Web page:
Knowledge is Health
Knowledge is Health
April 1, 2013
Update: Link fixed
Did you know that 50% of second opinions from doctors contradict first opinions? And did you know that 80% of the findings in medical literature are wrong?
I’m fascinated by a new company called Metamed that offers to be your personal medical researcher. For a fee of $200 per researcher per hour, with a $5K minimum, you can make sure the full force of science is on your side. Metamed analyzes the medical literature and tells you which study results about your condition are reliable and which are not. They assess the value of various diagnostic tests, and create a map of all possible medical correlations. It’s the sort of thing your doctor would love to do for you if he had the resources.
Metamed’s service is pricey, but the cost will probably come down as the process gets more automated. And objectively speaking, the service is already a bargain if your alternative is death by ignorance.
I saw in the news recently that the rate of growth for healthcare costs in the United States was slowing and no one is entirely sure why. I assume there are a number of reasons for the unexpected change, but my hypothesis is that the Internet is already unlocking the power of healthcare information for consumers. Personally, my healthcare process looks like this now:
- Observe symptoms
- Search Internet for diagnosis and treatment.
- If I’m not confident in what I find on the Internet, I email my doctor in the Kaiser Permanente system to describe my symptoms. Kaiser encourages email.
- My doctor often replies in an hour with a prescription that has already been sent to my nearest pharmacy, some self-care instructions, or a request to come in for tests.
- If I need to book an appointment, Kaiser’s website does an automated interview to advise me whether I should treat the problem myself or schedule a doctor.
For the bigger problems, you want as much expert brainpower on your side as you can get. That’s what Metamed provides. It makes me wonder how much healthcare costs can drop if we get better at picking the right treatment the first time. My gut feel is that 20% of healthcare costs are directly attributable to ignorance.
My healthcare provider, Kaiser Permanente, operates for the benefit of the members, so they are super-aggressive about preventative healthcare. I would think preventative medicine can take another 20% off of healthcare costs in the long run. And preventative medicine is mostly about getting the right information to the right people.
The Adams Law of Slow-Moving Disasters observes that whenever a massive threat to humanity can be identified far in advance, we always find a way to sidestep it. At the moment it seems that healthcare costs will grow to the sky and bankrupt us, especially as the population of oldsters increases. But I think better information might someday cut healthcare costs by as much as 50%. That better information will come from a variety of sources. Metamed is part of that solution, as is Google, as is Kaiser’s extraordinarily effective use of the Internet. And we’re nearing a point at which your smartphone will test you for all sorts of problems.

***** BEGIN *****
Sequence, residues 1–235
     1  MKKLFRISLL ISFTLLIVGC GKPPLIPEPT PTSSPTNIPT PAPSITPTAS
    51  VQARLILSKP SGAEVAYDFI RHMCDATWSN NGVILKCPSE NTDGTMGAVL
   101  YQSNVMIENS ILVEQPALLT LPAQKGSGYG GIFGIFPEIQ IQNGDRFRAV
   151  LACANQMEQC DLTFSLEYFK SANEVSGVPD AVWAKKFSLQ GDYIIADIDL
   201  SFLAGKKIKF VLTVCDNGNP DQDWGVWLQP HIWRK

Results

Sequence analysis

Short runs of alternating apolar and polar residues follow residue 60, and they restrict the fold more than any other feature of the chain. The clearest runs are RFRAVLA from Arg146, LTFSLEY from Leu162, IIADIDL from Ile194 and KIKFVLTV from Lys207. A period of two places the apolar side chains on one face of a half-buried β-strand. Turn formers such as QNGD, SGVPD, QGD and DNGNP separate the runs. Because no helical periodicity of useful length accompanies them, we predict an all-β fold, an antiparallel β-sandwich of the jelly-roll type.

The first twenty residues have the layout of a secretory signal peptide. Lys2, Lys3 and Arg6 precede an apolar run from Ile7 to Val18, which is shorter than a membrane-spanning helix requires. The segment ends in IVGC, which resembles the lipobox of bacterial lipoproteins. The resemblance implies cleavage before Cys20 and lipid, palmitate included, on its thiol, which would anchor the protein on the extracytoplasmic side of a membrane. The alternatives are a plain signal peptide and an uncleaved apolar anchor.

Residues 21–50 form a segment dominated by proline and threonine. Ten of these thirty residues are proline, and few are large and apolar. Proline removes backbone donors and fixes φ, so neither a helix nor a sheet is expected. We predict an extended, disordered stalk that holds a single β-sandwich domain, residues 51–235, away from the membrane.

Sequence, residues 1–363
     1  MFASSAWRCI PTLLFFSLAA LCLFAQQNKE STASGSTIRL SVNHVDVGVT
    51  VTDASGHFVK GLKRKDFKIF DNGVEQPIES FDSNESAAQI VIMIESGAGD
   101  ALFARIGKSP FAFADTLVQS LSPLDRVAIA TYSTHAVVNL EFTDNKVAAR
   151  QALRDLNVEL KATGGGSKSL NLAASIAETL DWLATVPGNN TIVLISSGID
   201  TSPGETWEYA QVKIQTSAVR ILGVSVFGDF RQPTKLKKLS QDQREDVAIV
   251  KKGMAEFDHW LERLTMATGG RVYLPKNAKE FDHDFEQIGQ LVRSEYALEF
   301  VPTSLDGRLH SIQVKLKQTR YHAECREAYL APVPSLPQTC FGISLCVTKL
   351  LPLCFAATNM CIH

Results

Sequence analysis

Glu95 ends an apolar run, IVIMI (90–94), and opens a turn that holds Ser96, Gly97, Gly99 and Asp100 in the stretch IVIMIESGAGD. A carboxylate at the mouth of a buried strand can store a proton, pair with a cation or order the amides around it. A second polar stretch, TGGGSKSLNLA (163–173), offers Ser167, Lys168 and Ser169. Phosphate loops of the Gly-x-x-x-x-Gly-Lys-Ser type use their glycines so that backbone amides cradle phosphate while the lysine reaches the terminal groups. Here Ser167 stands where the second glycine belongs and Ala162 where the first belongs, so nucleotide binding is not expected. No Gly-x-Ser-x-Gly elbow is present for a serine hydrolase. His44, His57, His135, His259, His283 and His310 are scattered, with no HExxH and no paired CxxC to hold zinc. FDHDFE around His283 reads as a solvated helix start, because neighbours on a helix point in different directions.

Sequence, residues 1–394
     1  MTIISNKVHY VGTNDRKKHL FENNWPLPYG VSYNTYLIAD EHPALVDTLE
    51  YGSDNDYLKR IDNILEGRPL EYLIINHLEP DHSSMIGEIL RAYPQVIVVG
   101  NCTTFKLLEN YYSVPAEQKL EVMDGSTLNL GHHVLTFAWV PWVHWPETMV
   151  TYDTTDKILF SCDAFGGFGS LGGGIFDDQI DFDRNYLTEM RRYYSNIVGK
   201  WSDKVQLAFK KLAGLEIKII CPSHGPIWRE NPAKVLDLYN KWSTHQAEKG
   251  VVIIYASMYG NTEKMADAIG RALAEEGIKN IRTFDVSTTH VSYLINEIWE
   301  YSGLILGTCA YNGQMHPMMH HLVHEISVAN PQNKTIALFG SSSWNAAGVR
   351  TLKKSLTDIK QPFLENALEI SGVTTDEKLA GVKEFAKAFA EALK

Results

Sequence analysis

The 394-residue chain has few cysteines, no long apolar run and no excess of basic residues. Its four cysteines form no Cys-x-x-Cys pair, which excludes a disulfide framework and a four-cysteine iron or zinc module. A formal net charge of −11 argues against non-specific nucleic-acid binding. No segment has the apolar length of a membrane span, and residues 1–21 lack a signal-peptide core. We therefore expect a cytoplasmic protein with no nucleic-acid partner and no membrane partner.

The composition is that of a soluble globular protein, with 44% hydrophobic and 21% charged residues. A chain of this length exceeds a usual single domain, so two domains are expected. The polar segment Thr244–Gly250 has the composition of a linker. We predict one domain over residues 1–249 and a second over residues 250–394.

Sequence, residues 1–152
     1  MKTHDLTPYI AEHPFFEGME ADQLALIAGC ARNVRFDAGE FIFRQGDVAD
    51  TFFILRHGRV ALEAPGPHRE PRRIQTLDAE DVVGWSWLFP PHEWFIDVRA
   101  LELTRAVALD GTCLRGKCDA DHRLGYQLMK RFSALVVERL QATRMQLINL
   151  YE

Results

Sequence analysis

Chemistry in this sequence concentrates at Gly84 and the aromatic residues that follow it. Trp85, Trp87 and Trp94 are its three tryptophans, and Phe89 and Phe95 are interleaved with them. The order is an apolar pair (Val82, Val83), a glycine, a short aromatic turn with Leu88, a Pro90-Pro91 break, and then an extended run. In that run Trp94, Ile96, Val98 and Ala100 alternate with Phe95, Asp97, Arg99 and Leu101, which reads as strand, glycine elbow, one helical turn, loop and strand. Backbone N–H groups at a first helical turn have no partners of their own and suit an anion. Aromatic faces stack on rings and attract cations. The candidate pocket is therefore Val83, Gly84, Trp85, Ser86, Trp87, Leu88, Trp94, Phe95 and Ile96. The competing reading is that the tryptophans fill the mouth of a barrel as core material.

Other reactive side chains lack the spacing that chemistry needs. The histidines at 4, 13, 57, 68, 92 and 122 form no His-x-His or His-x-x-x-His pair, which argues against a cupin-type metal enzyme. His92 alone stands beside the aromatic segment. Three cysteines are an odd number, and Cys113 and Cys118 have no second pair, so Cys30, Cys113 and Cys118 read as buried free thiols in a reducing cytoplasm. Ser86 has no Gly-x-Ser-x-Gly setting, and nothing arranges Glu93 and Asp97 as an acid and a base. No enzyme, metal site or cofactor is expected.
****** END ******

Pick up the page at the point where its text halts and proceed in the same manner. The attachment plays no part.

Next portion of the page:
I can also imagine a time in which Google Glasses TM will observe all of your food choices during the day and keep a running record of your nutrition. When you stray from a healthy diet, your glasses might start suggesting a salad. When you don’t exercise all day, the glasses might suggest using the stairs instead of the elevator. For all practical purposes, a human with Google Glasses and a smartphone is already a cyborg. And your future cyborg half will do a better job of keeping your organic parts functioning than you are doing on your own.
In the long, long run your healthcare provider will fix both your organic parts and your cyborg parts because it will all be part of the same system. You’ll go to the doctor complaining of a headache and he’ll update your smartphone software to track your daily habits and look for what triggers the headaches.
Anyway, my point is that better information will solve the problem of increasing medical costs. It’s already happening.
Disclosure: I don’t have a financial interest in Metamed, nor do I have any firsthand knowledge of their service. The Chairmam of Metamed is Jaan Tallin, one of the founding engineers of Skype, and one of the more important futurists of our time. I know Jaan because of our mutual interest in the so-called singularity.